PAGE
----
Let's see how both of use are used for sources which deal with UNIX processes.


This or-style source takes and returns a mask of different events affecting the specified process:









NOTE: +Thread#fork+ is not supported by MacRuby

The underlying API expects and returns integers, e.g.:

@event = 0 mask = Dispatch::Source::PROC_EXIT | Dispatch::Source::PROC_SIGNAL proc_src = Dispatch::Source.process($$, mask) do |s| @event |= s.data puts “Dispatch::Source.process: #{s.data.to_s(2)} (#{@event.to_s(2)})” semaphore.signal end In this case, we are watching the current process ('$$') for :signal and (less usefully :-) :exit events .


Alternatively, you can pass in array of names (symbols or strings) for the mask, and optionally use data2events to convert the returned data into an array of symbols

semaphore2 = Dispatch::Semaphore.new(0) @events = [] mask2 = [:exit, :fork, :exec, :signal] proc_src2 = Dispatch::Source.process($$, mask2) do |s| these = Dispatch::Source.data2events(s.data) @events += these puts “Dispatch::Source.process: #{these} (#{@events})” semaphore2.signal end

Source.process Example

To fire the event, we can, e.g., send a un-trapped signal :

sig_usr1 = Signal.list Signal.trap(sig_usr1, “IGNORE”) Process.kill(sig_usr1, $$) Signal.trap(sig_usr1, “DEFAULT”)

You can check which flags were set by _and_ing against the bitmask:

semaphore.wait result = @event & mask print “@event: #{result.to_s(2)} =>” puts “ #{Dispatch::Source::PROC_SIGNAL.to_s(2)} (Dispatch::Source::PROC_SIGNAL)” proc_src.cancel!

Or equivalently, intersecting the array:

semaphore2.wait puts “@events: #{(result2 = @events & mask2)} => [:signal]” proc_src2.cancel!


You can convert from symbol to int via event2num:

puts “event2num: #{Dispatch::Source.event2num(result2).to_s(2)} => #{result.to_s(2)}”


Similarly, use data2events to turn an int into a symbol:

puts “data2events: #{Dispatch::Source.data2events(result)} => #{result2}”


This Source overlaps slightly with the previous one, but uses add to track the number of times that a specific signal was fired against the current process:

@signals = 0 sig_usr2 = Signal.list signal = Dispatch::Source.signal(sig_usr2) do |s| puts “Dispatch::Source.signal: #{s.data} (#{@signals += s.data})” semaphore.signal end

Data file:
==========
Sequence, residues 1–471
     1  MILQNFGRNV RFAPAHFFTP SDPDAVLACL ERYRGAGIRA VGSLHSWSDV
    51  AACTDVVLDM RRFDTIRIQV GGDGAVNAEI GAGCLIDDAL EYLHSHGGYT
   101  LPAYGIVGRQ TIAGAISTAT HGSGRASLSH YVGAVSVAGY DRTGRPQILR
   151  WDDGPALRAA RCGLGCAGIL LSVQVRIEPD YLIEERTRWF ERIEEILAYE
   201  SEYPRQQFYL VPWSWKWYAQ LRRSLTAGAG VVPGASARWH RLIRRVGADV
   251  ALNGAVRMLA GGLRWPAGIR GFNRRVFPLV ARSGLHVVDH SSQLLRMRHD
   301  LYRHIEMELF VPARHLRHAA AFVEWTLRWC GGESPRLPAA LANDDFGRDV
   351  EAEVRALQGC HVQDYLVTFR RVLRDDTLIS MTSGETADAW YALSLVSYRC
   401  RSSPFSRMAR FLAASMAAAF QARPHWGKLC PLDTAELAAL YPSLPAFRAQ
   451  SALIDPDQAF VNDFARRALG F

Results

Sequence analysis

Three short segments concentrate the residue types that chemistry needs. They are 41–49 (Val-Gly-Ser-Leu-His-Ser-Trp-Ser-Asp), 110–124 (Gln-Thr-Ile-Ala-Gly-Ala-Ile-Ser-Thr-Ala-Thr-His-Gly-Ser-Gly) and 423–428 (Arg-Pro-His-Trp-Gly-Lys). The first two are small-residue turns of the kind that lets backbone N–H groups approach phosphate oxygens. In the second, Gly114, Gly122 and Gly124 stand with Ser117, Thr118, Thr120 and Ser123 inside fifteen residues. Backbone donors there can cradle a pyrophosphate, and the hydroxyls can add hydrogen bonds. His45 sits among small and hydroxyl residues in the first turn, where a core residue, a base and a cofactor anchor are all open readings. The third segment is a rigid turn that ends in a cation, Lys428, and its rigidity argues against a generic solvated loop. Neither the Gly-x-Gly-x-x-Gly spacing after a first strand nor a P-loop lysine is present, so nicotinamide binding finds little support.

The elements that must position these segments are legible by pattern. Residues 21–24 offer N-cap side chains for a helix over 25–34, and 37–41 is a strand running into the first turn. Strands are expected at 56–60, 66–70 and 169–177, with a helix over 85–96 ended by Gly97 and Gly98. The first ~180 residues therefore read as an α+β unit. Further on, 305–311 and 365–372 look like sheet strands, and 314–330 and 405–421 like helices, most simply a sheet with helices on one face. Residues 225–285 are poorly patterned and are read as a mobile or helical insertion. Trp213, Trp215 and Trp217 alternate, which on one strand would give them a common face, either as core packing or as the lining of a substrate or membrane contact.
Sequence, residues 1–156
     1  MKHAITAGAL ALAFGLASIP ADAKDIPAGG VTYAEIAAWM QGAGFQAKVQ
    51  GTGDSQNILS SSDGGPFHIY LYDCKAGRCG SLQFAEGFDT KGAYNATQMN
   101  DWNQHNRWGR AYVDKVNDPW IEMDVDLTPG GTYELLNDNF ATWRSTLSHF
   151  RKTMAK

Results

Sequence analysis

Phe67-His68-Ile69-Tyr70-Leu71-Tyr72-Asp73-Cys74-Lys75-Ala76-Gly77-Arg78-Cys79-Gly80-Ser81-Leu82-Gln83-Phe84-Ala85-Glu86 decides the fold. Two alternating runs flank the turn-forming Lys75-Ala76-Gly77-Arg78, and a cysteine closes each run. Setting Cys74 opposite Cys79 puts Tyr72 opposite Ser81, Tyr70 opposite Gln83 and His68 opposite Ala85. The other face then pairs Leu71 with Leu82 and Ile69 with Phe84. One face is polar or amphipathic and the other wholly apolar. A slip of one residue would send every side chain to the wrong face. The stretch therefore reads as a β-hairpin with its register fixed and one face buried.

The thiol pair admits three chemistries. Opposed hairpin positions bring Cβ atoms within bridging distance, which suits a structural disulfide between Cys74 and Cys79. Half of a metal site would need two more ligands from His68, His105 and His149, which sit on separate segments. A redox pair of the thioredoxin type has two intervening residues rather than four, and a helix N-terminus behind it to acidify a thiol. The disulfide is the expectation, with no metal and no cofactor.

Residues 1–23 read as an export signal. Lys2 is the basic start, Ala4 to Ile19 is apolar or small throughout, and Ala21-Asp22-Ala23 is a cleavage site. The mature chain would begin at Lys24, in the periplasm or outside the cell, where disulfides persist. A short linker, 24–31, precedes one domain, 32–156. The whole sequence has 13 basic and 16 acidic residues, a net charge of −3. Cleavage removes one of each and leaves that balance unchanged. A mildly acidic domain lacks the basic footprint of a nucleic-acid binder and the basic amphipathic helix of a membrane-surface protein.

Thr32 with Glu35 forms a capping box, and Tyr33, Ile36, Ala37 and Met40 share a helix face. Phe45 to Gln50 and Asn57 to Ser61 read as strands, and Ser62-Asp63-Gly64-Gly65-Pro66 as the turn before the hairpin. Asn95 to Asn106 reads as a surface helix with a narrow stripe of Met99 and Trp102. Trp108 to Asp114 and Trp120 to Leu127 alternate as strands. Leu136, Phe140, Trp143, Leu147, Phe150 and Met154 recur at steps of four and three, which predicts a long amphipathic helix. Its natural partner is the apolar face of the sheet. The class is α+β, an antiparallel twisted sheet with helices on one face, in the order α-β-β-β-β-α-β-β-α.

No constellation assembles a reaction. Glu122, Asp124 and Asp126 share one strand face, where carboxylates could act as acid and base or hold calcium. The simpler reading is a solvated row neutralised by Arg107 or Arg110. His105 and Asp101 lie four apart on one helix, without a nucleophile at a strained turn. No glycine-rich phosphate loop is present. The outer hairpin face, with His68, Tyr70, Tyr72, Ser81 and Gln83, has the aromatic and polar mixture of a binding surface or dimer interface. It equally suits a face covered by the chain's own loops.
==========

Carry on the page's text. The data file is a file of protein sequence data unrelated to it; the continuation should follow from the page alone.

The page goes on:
puts “signals: #{@signals} => 0” signal.suspend! Signal.trap(sig_usr2, “IGNORE”) 3.times { Process.kill(sig_usr2, $$) } Signal.trap(sig_usr2, “DEFAULT”) signal.resume! semaphore.wait puts “signals: #{@signals} => 3” signal.cancel! puts

File Sources

Next up are sources which deal with file operations – actually, anything that modifies a vnode, including sockets and pipes.


This or-style source takes and returns a mask of different events affecting the specified file:















As before, the underlying API expects and returns integers, e.g.:

@fevent = 0 @msg = “#{$$}-#{Time.now.to_s.gsub(' ','_')}” puts “msg: #{@msg}” filename = “/tmp/dispatch-#{@msg}” puts “filename: #{filename}” file = File.open(filename, “w”) fmask = Dispatch::Source::VNODE_DELETE | Dispatch::Source::VNODE_WRITE file_src = Dispatch::Source.file(file.fileno, fmask, q) do |s| @fevent |= s.data puts “Dispatch::Source.file: #{s.data.to_s(2)} (#{@fevent.to_s(2)})” semaphore.signal end file.print @msg file.flush file.close semaphore.wait(0.1) print “fevent: #{(@fevent & fmask).to_s(2)} =>” puts “ #{Dispatch::Source::VNODE_WRITE.to_s(2)} (Dispatch::Source::VNODE_WRITE)” File.delete(filename) semaphore.wait(0.1) print “fevent: #{@fevent.to_s(2)} => #{fmask.to_s(2)}” puts “ (Dispatch::Source::VNODE_DELETE | Dispatch::Source::VNODE_WRITE)” file_src.cancel! q.join And of course can also use symbols: